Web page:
This was on full display this week. On Tuesday, CCOO, UGT, FETICO and FASGA formed a negotiating committee tasked with negotiating the job cuts with El Corte Inglés. After the meeting, the unions posted a joint statement stating their intentions to carry out discussions "with maximum dialogue." They pledged to seek “positive measures such as voluntary redundancies and good economic compensations for the workforce.”
The unions falsely claim that the cuts will “not be carried out in a traumatic way but harmonized with the interests of the workers.” They cynically added that they would have a “clear and forceful” position in the negotiation and would seek a better redundancy compensation “above legal limits.”
In other words, they are willing to accept 3,500 job cuts without a fight.
Workers cannot put their hopes in the empty promises of the unions. In May 2020, the four unions reached an agreement with the company in which El Corte Inglés promised to “not promote any collective process of termination of contracts,” in exchange for concessions from workers which they justified, citing the COVID-19 pandemic. Not even 10 months later, the company has broken the agreement, with the trade unions’ support.
As for the PSOE-Podemos government, it is complicit in the job cuts. Sources at the Ministry of Industry told Vozpopuli: "We have found out from the press.” This is hard to believe, however, as Industry Minister Reyes Maroto met with El Corte Inglés in January to discuss the job cuts they were planning.
Podemos Labour Minister Yolanda Díaz tried to maintain the fiction that she was ignorant of the cuts, claiming that there is “no legal obligation for companies to inform us of these processes. Although redundancy schemes of this size are usually forewarned, especially when there is such a fluid relationship.”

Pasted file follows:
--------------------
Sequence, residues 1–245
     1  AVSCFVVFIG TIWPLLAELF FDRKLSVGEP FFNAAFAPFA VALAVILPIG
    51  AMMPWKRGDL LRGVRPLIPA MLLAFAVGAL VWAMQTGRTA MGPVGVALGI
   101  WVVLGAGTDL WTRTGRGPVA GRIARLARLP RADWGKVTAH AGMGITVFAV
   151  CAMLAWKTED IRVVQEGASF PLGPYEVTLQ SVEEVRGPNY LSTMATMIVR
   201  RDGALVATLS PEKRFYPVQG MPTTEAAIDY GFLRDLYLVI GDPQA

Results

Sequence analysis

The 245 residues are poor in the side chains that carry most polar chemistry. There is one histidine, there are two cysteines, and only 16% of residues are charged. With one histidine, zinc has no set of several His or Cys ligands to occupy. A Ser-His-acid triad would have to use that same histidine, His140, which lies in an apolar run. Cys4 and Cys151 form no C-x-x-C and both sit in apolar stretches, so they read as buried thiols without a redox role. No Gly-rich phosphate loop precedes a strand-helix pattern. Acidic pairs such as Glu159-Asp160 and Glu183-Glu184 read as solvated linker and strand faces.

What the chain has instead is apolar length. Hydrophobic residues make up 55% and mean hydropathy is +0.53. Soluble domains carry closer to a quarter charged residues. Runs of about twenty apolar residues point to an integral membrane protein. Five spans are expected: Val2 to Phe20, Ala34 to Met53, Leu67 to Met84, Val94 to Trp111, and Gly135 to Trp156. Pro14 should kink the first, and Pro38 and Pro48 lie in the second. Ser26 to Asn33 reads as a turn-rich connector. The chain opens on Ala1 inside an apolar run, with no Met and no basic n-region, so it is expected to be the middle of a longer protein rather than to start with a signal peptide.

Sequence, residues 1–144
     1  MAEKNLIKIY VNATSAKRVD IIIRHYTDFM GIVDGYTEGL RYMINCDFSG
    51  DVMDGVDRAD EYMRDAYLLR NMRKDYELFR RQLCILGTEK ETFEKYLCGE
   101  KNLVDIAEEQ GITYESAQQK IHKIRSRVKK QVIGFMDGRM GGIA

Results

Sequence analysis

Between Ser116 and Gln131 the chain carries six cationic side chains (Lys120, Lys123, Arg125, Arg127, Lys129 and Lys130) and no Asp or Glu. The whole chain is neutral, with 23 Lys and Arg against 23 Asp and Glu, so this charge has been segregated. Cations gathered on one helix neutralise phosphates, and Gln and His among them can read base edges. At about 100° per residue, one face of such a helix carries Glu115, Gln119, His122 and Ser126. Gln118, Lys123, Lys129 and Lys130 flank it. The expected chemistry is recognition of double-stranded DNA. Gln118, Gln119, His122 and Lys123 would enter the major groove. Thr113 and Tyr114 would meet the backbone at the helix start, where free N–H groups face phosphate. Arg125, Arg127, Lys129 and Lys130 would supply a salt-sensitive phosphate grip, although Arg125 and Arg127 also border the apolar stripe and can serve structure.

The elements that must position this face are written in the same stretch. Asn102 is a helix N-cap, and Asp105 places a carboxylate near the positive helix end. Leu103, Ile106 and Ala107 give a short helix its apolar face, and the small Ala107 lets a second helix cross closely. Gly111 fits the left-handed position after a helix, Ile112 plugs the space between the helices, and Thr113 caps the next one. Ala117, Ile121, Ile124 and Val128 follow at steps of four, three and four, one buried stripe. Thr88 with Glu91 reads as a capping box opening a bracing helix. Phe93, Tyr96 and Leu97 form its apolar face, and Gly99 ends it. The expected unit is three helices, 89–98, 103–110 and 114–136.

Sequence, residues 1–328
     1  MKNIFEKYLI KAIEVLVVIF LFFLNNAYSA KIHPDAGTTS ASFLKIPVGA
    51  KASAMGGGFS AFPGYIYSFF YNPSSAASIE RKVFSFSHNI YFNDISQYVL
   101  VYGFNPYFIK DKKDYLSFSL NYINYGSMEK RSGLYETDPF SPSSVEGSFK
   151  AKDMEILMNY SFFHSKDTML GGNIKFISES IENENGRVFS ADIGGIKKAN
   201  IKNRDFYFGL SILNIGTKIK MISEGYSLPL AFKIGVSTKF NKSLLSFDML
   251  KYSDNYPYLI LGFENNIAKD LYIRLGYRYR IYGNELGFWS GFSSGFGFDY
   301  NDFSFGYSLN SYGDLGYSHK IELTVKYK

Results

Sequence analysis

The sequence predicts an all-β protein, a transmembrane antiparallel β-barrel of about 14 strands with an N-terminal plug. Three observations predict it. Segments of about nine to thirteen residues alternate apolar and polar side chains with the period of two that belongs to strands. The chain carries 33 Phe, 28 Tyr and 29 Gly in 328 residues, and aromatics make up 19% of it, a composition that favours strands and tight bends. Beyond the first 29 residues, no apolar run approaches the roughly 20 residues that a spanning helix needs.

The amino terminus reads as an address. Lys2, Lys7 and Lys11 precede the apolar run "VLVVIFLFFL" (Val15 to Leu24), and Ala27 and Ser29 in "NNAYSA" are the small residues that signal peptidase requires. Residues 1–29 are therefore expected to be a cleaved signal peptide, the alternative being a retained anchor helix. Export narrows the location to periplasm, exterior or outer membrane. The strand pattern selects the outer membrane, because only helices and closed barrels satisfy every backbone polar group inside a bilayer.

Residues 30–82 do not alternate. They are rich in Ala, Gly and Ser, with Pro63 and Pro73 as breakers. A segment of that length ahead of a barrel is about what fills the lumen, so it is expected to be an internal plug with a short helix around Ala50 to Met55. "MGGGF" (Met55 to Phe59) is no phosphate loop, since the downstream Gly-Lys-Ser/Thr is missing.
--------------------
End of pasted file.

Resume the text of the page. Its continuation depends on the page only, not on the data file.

In fact, there is little doubt that the PSOE and Podemos are leading the drive to cut jobs at the company and thus be more competitive against Amazon. The PSOE-Podemos-controlled Credit Institute is the main guarantor of two loans in 2020, for €960 million and €1.2 billion, to El Corte Inglés. The same institute also worked with the European Investment Bank to give the company a grant of €110 million to "accelerate the digital transformation.”
Workers should reject all job losses and all the manoeuvres and claims of the union bureaucracy. The only way forward for workers is to break with the trade unions and build independent rank-and-file committees at El Corté Inglés and other retailers, to coordinate a unified political fight in defence of jobs and against store closures.
Other retail workers are facing similar attacks. The ANGED association of department stores, which includes companies such as IKEA, Carrefour and El Corte Inglés, is in discussions with the unions to impose a salary freeze this year and increase the number of Sundays and holidays to work for more than 250,000 workers.
This would set into motion further redundancies, sackings and wage cuts that would serve as a blueprint for further attacks in the sector. Older workers accepting compensation will be unable to find jobs, amid mass unemployment. Last month added an additional 44,436 new jobless claims, pushing the total to number of unemployed to 4,008,789.
Such a fight can only go forward through the development of a broader political movement of the working class, based on a socialist programme directed against the austerity agenda and herd immunity policy being imposed on workers across Europe.